For those not among gamers, those terms mean next to nothing. To me, they’re a little bit red-flaggish, I’m afraid.
They’re short-hand for whether a gaming product is full of rules and game-specific material (be it an item, spell, race, or some thingummy for the rules system) or story and background material.
Crunch for “crunchy bits of game material.” Fluff for … well, no one ever answers that one.
And that’s my tempest in a teapot–”fluff” derogates (yes, derogative comes from a verb) anything that’s not linked directly to “game-usefulness” in the minds of many.
Silly me. I thought Game Masters already had the rules in hand and could get by with them. I thought what they didn’t have time to come up with was all the backstory and all the history and details and character interactions for their role-playing games. Thus, I always weighed heavily in my game designs toward adding history and layers of meaning behind the immediate details of what was on stage at the time. I figured people might like to know why there was a dungeon there or when a fabled artifact they might find in their adventure was lost, by whom, and the context.
Yes, I realize (as I was once a gamer just like they were) that there’s a lot of fun in expanding the game rules and all that. I’m not arguing that’s not a great and useful thing to have in your game supplements and adventures. I’m also not against adding continually to a system when it needs it and you’re not straining the same to its breaking point. (I’ll fully admit I was never the best at the numbers-game to balance game mechanics beyond the most gut-level way, so I was never one for introducing too many new spells, skills, classes, etc. into D&D while I worked at TSR or Wizards of the Coast.)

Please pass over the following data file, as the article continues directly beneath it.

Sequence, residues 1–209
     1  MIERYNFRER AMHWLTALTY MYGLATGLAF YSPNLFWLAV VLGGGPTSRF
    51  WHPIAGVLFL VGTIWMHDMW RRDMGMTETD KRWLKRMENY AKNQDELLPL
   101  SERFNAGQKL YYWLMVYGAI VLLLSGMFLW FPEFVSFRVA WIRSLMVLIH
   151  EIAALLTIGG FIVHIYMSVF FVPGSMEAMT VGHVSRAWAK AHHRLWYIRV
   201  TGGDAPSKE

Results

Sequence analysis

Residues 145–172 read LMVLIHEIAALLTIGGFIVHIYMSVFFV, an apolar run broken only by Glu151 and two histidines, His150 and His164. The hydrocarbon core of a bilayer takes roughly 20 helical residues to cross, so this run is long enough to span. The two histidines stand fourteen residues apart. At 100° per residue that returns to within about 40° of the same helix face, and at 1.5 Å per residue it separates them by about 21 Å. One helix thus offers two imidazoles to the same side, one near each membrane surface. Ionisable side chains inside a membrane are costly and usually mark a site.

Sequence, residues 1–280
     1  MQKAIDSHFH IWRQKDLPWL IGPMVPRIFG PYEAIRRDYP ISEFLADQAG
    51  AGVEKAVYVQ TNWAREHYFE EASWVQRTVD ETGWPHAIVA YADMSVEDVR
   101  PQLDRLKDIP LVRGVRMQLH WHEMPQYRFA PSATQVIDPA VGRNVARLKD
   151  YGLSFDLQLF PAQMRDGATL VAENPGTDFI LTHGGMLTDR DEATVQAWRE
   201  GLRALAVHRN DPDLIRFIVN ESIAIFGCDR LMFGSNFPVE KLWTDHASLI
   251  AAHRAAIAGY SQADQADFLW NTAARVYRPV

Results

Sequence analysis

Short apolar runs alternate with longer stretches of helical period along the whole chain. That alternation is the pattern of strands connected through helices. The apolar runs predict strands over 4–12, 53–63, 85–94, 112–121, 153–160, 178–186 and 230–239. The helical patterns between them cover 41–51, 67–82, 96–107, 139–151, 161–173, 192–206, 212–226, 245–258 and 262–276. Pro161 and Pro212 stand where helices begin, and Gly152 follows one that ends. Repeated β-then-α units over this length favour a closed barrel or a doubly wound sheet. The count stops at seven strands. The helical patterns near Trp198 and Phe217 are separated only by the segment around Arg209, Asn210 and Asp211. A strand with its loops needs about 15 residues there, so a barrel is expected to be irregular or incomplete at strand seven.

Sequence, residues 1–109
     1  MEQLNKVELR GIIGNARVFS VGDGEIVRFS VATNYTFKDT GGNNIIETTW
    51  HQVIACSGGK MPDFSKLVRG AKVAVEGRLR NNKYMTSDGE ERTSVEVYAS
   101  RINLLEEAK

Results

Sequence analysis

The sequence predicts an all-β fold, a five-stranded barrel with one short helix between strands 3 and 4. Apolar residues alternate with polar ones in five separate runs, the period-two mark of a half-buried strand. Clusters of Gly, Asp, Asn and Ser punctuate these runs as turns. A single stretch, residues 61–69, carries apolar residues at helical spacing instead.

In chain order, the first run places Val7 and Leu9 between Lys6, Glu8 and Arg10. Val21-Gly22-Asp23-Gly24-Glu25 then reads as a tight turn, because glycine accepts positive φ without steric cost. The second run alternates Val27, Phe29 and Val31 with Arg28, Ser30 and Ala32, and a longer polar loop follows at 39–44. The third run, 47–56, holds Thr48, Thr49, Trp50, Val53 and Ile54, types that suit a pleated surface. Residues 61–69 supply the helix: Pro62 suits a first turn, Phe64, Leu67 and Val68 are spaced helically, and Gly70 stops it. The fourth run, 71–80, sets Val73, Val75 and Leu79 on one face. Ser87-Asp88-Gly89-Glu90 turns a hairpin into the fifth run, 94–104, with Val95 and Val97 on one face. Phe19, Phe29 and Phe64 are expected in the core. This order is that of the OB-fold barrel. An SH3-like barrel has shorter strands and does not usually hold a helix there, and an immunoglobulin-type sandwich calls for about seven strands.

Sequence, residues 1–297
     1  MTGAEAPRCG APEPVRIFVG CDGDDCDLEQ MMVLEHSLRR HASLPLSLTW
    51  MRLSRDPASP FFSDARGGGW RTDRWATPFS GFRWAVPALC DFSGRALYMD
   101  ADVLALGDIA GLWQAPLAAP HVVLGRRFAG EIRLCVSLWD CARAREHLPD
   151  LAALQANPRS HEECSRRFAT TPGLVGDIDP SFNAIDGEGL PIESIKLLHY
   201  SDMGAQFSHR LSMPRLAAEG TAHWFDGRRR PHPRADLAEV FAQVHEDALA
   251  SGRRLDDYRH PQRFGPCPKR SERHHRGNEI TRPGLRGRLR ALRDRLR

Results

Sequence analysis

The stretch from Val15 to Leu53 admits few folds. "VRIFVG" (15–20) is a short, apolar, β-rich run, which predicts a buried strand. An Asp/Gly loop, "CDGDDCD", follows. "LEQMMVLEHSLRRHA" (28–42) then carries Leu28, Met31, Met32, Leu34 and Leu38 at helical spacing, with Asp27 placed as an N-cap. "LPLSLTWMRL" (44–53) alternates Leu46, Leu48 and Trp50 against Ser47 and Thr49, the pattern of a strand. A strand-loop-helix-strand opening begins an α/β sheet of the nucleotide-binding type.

I just hate that the prhase has built this nonsensical straw-man-argument where people either want “crunch or fluff;” often, I’m finding that many who use the phrase do see non-rules-driven material as fluff, rather than real content.
Maybe that’s why I’m more on a path as a publisher and a fiction author, rather than staying within my comfort zone of the past 21 years as a game editor, developer, and designer.
For me, I’ll keep pushing for the “crunch vs. fluff” prhase to be “rules vs. story” if only because neither of the latter phrases assumes a derogative nature at the start of things.